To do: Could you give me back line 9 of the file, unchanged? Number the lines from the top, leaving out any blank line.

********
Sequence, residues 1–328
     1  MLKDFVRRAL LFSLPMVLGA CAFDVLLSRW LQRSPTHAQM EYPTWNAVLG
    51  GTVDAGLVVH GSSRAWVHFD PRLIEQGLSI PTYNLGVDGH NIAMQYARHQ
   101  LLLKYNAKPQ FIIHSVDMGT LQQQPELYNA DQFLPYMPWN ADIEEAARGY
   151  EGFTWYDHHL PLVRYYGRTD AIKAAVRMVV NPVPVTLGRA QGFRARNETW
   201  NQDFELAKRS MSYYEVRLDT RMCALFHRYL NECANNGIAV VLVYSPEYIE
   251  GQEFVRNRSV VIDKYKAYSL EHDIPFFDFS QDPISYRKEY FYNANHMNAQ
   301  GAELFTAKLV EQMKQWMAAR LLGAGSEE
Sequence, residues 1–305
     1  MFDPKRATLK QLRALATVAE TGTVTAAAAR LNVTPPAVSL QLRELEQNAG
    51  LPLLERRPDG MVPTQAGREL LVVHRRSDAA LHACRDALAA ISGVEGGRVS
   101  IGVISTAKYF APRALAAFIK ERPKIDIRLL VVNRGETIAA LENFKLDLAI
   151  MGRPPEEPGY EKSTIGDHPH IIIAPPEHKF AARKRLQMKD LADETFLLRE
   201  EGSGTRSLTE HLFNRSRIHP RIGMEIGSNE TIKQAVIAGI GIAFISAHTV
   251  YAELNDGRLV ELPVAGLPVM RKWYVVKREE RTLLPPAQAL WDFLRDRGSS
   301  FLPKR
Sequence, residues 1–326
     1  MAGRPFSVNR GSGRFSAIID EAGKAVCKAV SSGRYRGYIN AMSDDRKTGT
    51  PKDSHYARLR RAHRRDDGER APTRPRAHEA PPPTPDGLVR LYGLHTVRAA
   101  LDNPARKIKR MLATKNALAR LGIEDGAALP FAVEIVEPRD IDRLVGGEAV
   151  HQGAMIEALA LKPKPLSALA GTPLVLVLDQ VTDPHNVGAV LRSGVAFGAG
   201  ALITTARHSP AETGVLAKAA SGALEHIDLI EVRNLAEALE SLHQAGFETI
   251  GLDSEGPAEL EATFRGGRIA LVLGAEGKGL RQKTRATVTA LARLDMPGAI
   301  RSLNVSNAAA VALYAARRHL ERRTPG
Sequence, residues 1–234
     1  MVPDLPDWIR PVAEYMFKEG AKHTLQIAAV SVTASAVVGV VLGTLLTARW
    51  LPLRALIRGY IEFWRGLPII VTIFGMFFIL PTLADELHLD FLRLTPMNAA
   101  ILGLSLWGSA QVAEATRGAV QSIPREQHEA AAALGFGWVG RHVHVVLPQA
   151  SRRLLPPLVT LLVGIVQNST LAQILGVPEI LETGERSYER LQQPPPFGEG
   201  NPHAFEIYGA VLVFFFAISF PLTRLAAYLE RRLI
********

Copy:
Sequence, residues 1–305